By Hunter Grolman
In 2015, several young plaintiffs filed a unique suit against the United States government in federal district court. The complaint in Juliana v. United States alleges that the United States’ policies toward climate change have led to violations of the plaintiffs’ rights to life, liberty, and property under the Constitution. Because the plaintiffs are young – all were between seven and eighteen years old when the litigation started – their argument hinges on the idea that climate change is not just affecting them now, but will also continue to do so into the future. The complaint also asserts that the young plaintiffs have “an equal protection right to live in the same climate conditions as enjoyed by prior generations.” As more research begins to indicate that immediate action regarding climate change is a vital need, the outcome of Juliana could determine whether the courts will be a viable route toward such action in the future.
The case has already survived multiple dismissal attempts by the government, and it was set to go to trial in the United States District Court for the District of Oregon on October 29, 2018. On October 18, President Donald Trump’s administration filed a writ of mandamus petition and application for stay in the United States Supreme Court. The Court issued a temporary stay the next day, asking the plaintiffs to submit a brief in response to the government’s petition. The case remained stalled until late in the day on November 2, when the Court issued an order denying the government’s motion for a writ of mandamus dismissing the case and allowing the case to go forward in the district court. Exactly when the case will go to trial has yet to be determined, but the plaintiffs have requested a status conference to get the process moving again as quickly as possible.
That the Supreme Court took such a step at all is highly unusual, since courts of appeal for the relevant circuit, which in this case is the Ninth Circuit, generally handle appeals from the district courts. The fact that the Court stepped in could be a signal that there is something that particularly interested the Court in this case. The existence of such an interest is unsurprising because the plaintiffs’ case is based on a controversial legal theory that, in essence, argues that “a safe climate is a civil right.” Other plaintiffs have had difficulty gaining acceptance of this theory in the courts, since it is difficult for plaintiffs to show that they have proper standing to bring these cases. Other courts have dismissed similar climate change suits based on the idea that a plaintiff must show an individual, concrete harm that the court has the power to redress. The Juliana plaintiffs have tried meet this burden by alleging environmental effects that have already had, or are currently having, deleterious effects on their lives, from floods to droughts. To redress these harms, the plaintiffs are asking that the court order the government to implement a national plan to reduce fossil fuel emissions and bring down the levels of carbon dioxide in the atmosphere. The government has consistently argued both that the case should be dismissed because the plaintiffs in Juliana lack the requisite standing and that the rights the plaintiffs assert are not constitutionally protected.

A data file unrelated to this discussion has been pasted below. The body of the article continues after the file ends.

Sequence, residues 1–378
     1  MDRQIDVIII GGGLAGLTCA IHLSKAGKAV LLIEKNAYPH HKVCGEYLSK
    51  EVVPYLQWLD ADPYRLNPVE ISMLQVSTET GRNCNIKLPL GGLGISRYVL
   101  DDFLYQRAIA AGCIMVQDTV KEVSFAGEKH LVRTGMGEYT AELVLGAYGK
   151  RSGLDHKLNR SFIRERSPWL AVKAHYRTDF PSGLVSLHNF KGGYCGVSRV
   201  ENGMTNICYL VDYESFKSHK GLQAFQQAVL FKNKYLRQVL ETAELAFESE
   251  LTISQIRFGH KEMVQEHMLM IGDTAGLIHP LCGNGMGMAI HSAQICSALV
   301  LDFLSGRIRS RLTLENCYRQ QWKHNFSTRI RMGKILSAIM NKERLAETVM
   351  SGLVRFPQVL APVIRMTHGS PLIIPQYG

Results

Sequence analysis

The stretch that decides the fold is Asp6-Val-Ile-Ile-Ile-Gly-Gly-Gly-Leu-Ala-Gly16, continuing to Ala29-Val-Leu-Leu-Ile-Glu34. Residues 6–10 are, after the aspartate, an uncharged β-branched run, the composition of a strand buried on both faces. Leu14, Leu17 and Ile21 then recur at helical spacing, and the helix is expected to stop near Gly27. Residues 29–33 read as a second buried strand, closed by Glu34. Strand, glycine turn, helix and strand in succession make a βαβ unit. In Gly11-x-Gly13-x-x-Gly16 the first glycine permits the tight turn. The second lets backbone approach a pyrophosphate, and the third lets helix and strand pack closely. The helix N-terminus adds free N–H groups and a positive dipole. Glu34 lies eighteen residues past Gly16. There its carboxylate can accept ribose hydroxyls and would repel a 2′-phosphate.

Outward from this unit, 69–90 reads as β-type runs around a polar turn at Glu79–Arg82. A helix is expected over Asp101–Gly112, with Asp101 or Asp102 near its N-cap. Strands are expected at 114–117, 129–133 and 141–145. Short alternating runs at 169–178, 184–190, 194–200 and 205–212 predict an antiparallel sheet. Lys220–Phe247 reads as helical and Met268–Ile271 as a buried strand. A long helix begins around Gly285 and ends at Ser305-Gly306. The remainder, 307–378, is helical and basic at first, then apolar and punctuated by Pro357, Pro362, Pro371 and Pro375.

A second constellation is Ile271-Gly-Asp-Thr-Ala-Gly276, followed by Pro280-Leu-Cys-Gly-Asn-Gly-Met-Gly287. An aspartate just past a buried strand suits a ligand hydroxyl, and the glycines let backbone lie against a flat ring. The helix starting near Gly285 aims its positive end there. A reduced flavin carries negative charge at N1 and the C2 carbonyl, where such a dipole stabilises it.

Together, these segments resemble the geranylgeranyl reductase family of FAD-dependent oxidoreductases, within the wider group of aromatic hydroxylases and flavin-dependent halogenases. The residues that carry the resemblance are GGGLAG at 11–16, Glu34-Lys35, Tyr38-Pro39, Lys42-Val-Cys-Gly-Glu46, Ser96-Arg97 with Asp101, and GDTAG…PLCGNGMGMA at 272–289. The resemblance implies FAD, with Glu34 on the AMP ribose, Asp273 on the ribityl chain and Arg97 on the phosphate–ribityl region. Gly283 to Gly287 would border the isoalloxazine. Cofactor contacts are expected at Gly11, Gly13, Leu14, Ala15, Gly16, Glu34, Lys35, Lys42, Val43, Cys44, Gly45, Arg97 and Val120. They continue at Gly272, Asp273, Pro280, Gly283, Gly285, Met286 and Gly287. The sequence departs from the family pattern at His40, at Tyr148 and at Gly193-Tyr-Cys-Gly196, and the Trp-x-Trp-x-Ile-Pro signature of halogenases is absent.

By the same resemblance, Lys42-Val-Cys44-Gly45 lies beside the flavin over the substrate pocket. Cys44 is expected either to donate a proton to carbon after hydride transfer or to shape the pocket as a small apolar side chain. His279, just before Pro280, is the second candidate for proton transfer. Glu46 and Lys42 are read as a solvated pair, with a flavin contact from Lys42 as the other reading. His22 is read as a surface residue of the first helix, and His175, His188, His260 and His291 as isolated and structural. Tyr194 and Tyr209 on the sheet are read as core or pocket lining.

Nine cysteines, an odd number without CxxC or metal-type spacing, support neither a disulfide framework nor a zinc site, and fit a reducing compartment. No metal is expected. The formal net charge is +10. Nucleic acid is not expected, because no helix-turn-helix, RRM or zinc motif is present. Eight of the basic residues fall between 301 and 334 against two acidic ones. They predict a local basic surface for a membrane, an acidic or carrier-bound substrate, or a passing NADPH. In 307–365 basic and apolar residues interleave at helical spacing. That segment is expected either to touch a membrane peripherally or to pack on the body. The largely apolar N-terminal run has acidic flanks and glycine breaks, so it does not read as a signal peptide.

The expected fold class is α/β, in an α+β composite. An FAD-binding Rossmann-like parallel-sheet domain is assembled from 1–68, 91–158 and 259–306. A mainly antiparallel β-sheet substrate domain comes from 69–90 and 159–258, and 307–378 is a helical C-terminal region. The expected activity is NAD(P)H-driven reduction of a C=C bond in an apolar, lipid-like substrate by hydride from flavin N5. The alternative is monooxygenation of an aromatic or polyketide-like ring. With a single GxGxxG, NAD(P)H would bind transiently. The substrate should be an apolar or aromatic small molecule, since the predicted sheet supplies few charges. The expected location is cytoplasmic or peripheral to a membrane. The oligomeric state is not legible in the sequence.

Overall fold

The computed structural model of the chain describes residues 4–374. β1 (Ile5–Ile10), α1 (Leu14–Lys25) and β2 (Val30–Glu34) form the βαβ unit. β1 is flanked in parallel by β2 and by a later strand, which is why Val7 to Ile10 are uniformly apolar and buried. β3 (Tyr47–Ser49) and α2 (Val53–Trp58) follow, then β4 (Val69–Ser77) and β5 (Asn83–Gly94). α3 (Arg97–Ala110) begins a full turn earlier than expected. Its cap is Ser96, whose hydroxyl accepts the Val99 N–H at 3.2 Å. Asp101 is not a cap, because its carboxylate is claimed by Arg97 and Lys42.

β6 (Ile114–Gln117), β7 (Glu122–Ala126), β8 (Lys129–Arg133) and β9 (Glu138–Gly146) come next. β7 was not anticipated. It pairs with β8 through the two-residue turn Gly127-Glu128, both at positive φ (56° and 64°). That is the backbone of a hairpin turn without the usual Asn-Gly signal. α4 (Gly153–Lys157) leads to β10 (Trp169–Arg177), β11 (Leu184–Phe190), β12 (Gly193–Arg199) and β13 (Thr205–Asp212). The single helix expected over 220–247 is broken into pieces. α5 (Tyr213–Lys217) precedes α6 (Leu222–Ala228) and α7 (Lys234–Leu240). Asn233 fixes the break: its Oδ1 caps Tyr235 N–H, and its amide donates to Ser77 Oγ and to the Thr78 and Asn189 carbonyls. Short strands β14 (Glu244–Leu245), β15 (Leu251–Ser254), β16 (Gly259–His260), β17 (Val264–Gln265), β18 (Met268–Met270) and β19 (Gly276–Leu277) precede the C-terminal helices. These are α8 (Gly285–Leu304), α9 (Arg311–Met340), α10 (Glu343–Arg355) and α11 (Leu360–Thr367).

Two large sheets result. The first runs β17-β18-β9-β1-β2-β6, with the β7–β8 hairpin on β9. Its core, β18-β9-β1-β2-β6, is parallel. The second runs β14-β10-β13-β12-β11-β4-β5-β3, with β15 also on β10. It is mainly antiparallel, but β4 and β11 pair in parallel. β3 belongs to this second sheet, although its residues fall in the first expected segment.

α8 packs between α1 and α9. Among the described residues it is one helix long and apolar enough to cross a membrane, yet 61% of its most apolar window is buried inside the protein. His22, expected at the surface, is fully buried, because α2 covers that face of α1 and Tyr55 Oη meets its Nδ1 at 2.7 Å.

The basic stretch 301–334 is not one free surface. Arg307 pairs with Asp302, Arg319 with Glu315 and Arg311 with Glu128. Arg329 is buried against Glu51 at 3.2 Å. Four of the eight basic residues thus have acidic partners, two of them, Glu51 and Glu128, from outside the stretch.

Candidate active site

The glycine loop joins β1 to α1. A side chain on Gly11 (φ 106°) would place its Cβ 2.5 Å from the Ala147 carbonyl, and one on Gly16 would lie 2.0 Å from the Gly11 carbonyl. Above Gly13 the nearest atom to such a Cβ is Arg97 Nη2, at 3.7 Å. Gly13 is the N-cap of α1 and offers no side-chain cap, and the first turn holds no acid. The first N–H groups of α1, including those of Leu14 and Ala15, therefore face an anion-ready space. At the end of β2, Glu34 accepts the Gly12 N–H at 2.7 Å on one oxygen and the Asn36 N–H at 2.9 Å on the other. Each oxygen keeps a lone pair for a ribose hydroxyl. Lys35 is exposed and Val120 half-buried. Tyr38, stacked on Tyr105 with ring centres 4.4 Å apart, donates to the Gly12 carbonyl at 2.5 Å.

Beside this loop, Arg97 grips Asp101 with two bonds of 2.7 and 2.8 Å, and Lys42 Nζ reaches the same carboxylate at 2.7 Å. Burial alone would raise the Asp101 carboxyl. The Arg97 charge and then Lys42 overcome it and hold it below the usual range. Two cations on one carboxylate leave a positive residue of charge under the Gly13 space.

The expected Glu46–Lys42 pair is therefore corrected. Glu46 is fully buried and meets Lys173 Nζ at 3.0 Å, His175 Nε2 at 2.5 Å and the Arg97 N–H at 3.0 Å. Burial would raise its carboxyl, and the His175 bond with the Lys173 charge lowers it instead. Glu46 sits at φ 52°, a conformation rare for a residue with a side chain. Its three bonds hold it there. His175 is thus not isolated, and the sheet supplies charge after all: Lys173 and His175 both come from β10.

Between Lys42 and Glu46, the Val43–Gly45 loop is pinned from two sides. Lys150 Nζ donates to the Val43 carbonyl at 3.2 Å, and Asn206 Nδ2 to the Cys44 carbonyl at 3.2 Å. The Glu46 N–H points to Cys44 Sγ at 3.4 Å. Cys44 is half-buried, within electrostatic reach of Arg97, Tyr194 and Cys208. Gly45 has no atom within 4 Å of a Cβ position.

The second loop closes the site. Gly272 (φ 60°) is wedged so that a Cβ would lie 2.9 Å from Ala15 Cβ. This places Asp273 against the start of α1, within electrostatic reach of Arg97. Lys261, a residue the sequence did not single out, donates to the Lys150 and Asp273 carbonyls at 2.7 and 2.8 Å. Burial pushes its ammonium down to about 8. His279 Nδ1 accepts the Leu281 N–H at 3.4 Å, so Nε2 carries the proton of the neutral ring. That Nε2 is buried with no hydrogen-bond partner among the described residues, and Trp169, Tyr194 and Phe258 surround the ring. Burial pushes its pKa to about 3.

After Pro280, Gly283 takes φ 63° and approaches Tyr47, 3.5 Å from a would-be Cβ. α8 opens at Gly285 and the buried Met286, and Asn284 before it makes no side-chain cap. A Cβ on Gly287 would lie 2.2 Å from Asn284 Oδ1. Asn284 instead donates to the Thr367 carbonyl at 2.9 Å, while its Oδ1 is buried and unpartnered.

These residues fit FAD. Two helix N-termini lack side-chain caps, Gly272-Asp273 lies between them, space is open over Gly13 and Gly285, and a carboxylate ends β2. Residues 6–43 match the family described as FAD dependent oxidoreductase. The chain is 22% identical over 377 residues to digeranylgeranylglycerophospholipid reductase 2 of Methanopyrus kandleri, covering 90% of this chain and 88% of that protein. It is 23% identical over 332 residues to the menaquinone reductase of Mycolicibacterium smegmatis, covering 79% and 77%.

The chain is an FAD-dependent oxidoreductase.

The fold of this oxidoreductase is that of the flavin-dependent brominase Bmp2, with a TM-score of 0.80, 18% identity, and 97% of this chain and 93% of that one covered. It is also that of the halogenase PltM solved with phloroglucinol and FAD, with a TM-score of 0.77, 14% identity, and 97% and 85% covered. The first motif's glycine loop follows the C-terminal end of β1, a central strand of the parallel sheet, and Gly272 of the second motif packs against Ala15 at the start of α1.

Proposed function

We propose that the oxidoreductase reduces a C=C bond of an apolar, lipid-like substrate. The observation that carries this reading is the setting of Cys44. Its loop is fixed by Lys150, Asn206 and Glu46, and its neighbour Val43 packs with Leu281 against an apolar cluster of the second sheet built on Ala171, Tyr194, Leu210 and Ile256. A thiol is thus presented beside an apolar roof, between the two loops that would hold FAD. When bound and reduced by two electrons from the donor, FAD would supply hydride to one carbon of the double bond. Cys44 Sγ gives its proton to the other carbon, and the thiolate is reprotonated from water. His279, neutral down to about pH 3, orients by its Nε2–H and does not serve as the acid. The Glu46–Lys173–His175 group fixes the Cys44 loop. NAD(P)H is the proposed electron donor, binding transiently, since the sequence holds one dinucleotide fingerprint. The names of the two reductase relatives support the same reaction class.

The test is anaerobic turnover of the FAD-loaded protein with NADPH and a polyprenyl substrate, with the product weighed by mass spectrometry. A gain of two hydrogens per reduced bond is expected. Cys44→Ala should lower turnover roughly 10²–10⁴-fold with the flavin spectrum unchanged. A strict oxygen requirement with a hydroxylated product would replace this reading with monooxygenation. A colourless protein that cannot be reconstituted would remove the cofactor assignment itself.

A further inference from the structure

The fact that Juliana v. United States has made it this far into the litigation process is itself remarkable, given the state of the law in this area. When the Supreme Court first issued the stay, many commentators saw it as a bad sign for the case’s longevity. In particular, the presence of newly-confirmed Justice Brett Kavanaugh seemed to spell bad news for Juliana because he has historically taken the stance that regulations responding to climate change are political questions that are outside the purview of the courts. Given Justice Kavanaugh’s judicial record on similar cases, and the new right-leaning majority on the Court, the Court’s refusal to grant the government’s request for dismissal was surprising. Ultimately, to prevail on its motion, the government needed to show that it had no other options for relief; in other words, that there was no other way for it to get the case dismissed. The Supreme Court found that because mandamus may still be available in the Ninth Circuit, the government failed to meet that burden.